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International Journal of Polymer Science
Volume 2018, Article ID 7940857, 6 pages
https://doi.org/10.1155/2018/7940857
Research Article

Thermal and Rheological Formulation and Evaluation of Synthetic Bitumen from Reprocessed Polypropylene and Oil

1Instituto de Macromoléculas Professora Eloisa Mano (IMA), Programa em Ciência e Tecnologia de Polímeros, Universidade Federal do Rio de Janeiro (UFRJ), Avenida Horácio Macedo 2.030, Centro de Tecnologia-Bloco J, Ilha do Fundão, 21941-598 Rio de Janeiro, Brazil
2Escola Politécnica/Programa de Engenharia Ambiental, Universidade Federal do Rio de Janeiro (UFRJ), Av. Athos da Silveira Ramos 149, Centro de Tecnologia-Bloco A, Ilha do Fundão, 21941-909 Rio de Janeiro, RJ, Brazil
3Departamento de Processamento e Caracterização de Materiais (DPCM), Laboratório de Materiais Poliméricos (LAMAP), Instituto Nacional de Tecnologia (INT), Av. Venezuela 82, Praça Mauá, 20081-312 Rio de Janeiro, RJ, Brazil

Correspondence should be addressed to Ricardo S. Souza; moc.liamg@12azuossodracir

Received 26 April 2018; Revised 10 July 2018; Accepted 25 July 2018; Published 28 August 2018

Academic Editor: Bernabé L. Rivas

Copyright © 2018 Ricardo S. Souza et al. This is an open access article distributed under the Creative Commons Attribution License, which permits unrestricted use, distribution, and reproduction in any medium, provided the original work is properly cited.

Abstract

Bitumen from the catalytic cracking of petroleum is widely used in the construction industry as a binder for mineral aggregates paving asphalt cement (PAC). However, this material has serious limitations for use at different temperatures. Modifications with polymers have been widely studied to improve the properties of this material and increase its useful life. As a result of the increased environmental risk, the volume of solid waste (MSW) can be used as an alternative to the best use of this material. One of these is the formulation of synthetic bitumen (binders) from mixtures of lubricant oil/polymer that can show better when compared to traditional and modified bitumen. In this work, a mixture of lubricating oil and recycled polypropylene (PP) was made for the formulation of synthetic bitumens. The rheological analyses carried out on the material indicate that at low temperatures the formulated material shows high loading modulus values, indicating high mechanical strength, and the material also presented high resistance to permanent deformation; the viscosity profile indicates that the material is highly pseudoplastic presenting high viscosity at zero shear rate and low visibility at high shear rates, highlighting the samples containing 10 and 20% of polymer material in the formation as the best for use as one of the components of the pavement cement.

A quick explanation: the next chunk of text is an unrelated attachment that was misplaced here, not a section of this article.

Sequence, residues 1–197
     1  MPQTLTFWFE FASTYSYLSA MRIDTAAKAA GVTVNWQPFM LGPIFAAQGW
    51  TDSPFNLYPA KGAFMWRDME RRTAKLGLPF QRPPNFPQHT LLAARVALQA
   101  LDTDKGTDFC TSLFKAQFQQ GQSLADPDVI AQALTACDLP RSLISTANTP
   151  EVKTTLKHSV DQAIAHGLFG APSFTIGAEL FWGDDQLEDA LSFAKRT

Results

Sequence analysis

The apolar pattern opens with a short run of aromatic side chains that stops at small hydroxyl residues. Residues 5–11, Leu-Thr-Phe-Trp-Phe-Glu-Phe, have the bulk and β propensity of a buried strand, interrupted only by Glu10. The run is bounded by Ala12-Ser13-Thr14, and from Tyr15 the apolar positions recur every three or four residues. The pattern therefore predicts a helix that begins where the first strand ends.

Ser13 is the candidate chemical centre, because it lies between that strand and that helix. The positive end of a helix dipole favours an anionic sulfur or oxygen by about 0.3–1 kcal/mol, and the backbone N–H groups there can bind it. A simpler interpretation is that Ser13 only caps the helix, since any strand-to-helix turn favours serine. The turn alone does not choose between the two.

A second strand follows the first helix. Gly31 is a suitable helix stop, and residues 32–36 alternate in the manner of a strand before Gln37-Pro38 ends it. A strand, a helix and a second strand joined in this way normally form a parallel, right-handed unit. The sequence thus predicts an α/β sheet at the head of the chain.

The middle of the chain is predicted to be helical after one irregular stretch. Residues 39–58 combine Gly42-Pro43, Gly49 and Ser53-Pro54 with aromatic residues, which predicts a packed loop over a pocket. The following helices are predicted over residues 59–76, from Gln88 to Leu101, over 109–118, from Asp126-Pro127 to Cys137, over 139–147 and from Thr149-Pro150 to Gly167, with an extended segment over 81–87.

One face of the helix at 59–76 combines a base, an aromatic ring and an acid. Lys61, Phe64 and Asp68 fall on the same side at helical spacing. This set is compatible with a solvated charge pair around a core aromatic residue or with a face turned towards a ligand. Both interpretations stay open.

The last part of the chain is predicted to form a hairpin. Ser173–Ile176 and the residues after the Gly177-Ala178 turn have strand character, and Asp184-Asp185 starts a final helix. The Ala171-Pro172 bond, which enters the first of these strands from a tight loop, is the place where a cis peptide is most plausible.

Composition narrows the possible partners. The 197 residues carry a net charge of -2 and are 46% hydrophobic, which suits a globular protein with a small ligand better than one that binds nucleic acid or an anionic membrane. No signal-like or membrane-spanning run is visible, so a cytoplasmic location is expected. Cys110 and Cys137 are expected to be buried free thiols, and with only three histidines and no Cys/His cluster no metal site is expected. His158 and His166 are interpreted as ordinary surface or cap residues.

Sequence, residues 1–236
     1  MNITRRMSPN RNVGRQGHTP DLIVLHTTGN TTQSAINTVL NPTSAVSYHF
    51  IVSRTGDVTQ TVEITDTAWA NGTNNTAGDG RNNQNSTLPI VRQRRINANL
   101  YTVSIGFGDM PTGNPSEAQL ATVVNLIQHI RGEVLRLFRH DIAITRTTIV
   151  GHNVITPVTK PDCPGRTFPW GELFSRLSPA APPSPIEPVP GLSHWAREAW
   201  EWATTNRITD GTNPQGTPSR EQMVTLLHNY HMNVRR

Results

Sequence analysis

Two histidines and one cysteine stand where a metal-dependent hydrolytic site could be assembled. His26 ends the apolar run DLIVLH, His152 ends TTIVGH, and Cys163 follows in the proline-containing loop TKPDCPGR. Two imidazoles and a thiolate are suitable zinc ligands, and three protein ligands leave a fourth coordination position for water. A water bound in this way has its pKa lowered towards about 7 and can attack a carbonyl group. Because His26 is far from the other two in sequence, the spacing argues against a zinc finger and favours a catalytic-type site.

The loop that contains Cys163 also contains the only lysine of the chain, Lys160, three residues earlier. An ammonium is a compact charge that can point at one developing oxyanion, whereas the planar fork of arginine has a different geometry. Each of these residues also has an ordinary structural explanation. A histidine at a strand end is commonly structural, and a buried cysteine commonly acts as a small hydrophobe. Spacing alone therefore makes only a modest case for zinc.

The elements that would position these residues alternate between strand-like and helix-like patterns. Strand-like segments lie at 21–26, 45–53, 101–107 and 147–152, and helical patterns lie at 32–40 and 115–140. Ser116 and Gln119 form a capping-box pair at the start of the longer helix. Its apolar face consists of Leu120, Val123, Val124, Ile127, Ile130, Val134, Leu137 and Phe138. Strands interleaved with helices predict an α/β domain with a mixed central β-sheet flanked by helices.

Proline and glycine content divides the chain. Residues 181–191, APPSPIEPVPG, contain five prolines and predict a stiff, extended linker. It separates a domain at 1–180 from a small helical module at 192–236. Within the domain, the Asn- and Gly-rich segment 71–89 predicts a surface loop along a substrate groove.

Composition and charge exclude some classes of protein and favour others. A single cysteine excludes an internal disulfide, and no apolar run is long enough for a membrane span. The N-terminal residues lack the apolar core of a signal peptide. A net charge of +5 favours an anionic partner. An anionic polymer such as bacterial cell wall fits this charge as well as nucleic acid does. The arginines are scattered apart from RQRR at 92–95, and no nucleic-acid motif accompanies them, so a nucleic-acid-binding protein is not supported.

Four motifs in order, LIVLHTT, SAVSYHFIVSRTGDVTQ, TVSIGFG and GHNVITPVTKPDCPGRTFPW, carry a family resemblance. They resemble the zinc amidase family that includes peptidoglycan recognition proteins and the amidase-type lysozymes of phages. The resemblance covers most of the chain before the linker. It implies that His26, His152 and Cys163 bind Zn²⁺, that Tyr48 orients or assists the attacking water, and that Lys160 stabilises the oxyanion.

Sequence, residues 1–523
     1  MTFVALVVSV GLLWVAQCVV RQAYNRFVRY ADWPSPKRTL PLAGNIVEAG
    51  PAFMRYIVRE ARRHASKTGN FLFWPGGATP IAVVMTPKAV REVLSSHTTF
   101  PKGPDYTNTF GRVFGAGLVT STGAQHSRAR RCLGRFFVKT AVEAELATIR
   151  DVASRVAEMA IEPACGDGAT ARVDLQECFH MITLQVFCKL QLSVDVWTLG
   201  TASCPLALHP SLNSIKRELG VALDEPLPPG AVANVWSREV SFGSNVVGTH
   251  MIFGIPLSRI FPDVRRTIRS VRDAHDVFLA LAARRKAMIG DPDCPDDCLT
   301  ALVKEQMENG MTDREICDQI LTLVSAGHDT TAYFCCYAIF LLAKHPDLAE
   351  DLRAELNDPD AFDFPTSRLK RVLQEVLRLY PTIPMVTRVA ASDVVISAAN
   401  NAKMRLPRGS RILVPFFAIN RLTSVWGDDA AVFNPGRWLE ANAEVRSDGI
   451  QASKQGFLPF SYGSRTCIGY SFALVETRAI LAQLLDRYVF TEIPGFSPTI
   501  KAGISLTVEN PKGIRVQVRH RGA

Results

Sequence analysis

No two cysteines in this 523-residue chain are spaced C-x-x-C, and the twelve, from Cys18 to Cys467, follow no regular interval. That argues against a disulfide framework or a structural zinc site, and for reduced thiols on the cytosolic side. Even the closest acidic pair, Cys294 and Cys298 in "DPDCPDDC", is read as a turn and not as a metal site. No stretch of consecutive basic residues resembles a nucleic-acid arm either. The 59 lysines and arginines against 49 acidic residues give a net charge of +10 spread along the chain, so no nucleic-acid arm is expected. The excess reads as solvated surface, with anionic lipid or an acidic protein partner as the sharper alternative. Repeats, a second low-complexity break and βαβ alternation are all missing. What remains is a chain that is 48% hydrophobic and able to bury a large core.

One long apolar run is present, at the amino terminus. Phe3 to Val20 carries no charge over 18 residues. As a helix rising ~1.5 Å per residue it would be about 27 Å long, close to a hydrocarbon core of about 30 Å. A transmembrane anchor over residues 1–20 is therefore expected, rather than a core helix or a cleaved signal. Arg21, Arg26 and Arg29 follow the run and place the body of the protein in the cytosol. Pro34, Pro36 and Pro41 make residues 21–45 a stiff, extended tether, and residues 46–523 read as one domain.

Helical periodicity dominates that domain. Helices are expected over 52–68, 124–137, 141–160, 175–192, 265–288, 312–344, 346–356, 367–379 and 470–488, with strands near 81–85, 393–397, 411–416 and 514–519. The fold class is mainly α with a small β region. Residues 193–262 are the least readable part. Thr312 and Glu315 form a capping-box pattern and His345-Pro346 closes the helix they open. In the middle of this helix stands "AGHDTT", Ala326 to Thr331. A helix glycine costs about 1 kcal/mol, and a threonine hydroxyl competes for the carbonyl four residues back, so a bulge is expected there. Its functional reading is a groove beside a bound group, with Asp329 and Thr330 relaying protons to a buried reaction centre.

1. Introduction

Bitumen is a construction material used as binder in flexible pavements. The increase in road transport flow, environmental and external factors, and the failures incurred during the construction phase can reduce the useful life of the pavements to the greater occurrence of permanent faults in the asphalt pavement. Thus, solutions such as the modification of bitumen with polymeric materials have been used to improve the bitumen properties of the petrochemical cracking, with respect to the adhesiveness, elasticity, and thermomechanical resistance, thus the behavior of pavements [16].